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From Orchard to Crisis

Behind the idyllic image of American apple farming, economic disasters lurk — but an innovative nonprofit saved one area’s massive harvest.

By Gillian Feinglass

Historically, American agriculture featured small family-run farms selling locally grown produce to nearby businesses and consumers. Farming represented a wholesome, simpler way of life, often idealized as a departure from the stresses of city living. It painted a vision of farmers living happily off the land among red barns and grazing cows on picturesque pastures – a romanticized portrayal that filled American’s imaginations and hearts.  

Modern agriculture is significantly more complex than the nostalgic image implies. Farming is one of the United States’s most competitive, risky, and cutthroat industries, dominated by powerful companies prioritizing efficiency and low costs above all else. Farmers must do everything possible to contend with the variables in an industry ultimately controlled by the uncontrollable: Mother Nature. Farmers now rely on data analytics, aerial imaging, genetically modified crops, artificial intelligence, and remote sensing technologies to boost crop yields, optimize resource utilization, and anticipate environmental challenges for survival. Yet even with that technology, many struggle to make ends meet.  

The reality is that American farmers are never entirely in control of their destiny. One storm can decimate a farm’s entire production. Global crises can disrupt supply chains and cause labor shortages. Government policy can shift market conditions, resulting in a loss of exports and a substantial financial burden.    

Or, in the case of eleven West Virginia apple growers, corporate buyers can pull out of longstanding contracts right before harvest, forcing farmers to abandon millions of dollars of perfectly delicious apples hanging on trees. With no new buyers, not enough money to pick the apples, or sufficient storage to store all the apples, these farmers were preparing to watch 50 million apples rot before their eyes while over 44 million people, including one in five children, were food insecure in America. To grasp the enormity of this loss, picture three NFL football fields stacked 20 feet high with rotting apples.  

Photo by Kate Nelson on The Farmlink Project

This story is about more than just the plight of these 11 apple farms. It extends far beyond West Virginia’s apple orchards, highlighting the fragile and volatile nature of the American food system, which places unsustainable pressure on farmers. It also showcases the collaborative efforts between farmers, government agencies, and hunger-fighting nonprofits needed to prevent this wasteful crisis before it was too late.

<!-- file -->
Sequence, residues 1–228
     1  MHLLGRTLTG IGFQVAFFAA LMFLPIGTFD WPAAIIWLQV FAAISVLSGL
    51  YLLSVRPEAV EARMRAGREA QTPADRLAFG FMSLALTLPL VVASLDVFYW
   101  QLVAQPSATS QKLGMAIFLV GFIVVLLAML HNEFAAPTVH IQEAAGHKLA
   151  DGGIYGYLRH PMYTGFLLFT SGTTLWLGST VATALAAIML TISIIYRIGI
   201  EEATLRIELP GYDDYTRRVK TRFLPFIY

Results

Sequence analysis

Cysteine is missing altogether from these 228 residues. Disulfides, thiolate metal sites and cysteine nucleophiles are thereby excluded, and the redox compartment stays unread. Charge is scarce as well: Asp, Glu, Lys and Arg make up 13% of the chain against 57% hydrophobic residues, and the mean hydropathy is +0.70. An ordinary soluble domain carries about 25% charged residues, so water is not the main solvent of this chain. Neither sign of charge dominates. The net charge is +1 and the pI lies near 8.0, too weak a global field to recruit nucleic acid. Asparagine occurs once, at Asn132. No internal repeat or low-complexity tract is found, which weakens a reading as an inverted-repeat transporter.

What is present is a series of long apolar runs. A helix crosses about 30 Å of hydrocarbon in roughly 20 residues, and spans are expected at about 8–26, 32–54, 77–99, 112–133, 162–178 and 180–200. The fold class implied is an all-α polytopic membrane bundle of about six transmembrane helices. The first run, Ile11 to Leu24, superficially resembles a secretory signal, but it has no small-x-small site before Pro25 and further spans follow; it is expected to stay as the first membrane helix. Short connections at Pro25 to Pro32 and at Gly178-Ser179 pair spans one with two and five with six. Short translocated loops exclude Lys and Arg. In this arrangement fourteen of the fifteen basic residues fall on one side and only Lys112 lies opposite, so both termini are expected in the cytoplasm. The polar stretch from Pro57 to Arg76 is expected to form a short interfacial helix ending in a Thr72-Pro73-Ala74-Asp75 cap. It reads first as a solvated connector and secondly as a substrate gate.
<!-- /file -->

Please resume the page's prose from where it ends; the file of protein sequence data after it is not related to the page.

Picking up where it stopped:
The West Virginia Apple Predicament

I heard about this apple fiasco for the first time after completing a fellowship with The Farmlink Project, a non-profit dedicated to combating food waste and hunger. Since my fellowship was entirely distinct from Farmlink’s primary work of redistributing surplus produce from farms to food banks, I was stunned when news broke about the unprecedented scale of this apple recovery. According to Farmlink’s research, this crisis marks the largest instance of food recovery in North America or anything remotely close to it.  

I knew that farming can be unpredictable and that a certain degree of waste generation is inevitable at every level of our food chain. But the idea of allowing 50 million apples, along with the millions of dollars invested in their production, to rot away on trees and release tremendous amounts of greenhouse gases seemed absurd and entirely avoidable.  

Months before harvest, all was going according to plan for the 11 growers in West Virginia’s Eastern Panhandle known as “Apple Pie Ridge.” This region was once celebrated as one of the largest apple-producing areas in the tri-state region. Growing apples is a labor of love and hard work. For months, the farmers had been routinely pruning thousands of acres of burgeoning trees, using large amounts of water and fertilizer to cultivate optimal apple growth, and managing pests and diseases to protect the trees and apples. The farmers were on track to fulfill the obligations of their contracts with four major buyers, some of whom they had maintained business relationships with for over 30 years. All of a sudden, the contracts were cut.  

“We felt blindsided,” says Don Dove, the general manager of George S. Orr and Sons Farm, one of the remaining family-run farms in the area. Founded in 1954, Dove’s farm has a strong history of navigating the unpredictable nature of farm life, dependably producing over 1.3 million apples each year. “We measure and analyze everything we do because we know that every last cent makes a difference in this industry,” says Dove, emphasizing the relentless pressure to keep costs low and the impact of uncontrollable factors. However, as they approach their 70th year in business, George S. Orr and Sons Farm have never dealt with such an unstable wholesale market. Making 60% of their income from wholesale, the substantial decline in apples bought by large processors has placed significant financial stress on the farm compared to previous years. Depending on who you ask, there are many explanations for why the contracts were cut with so little warning.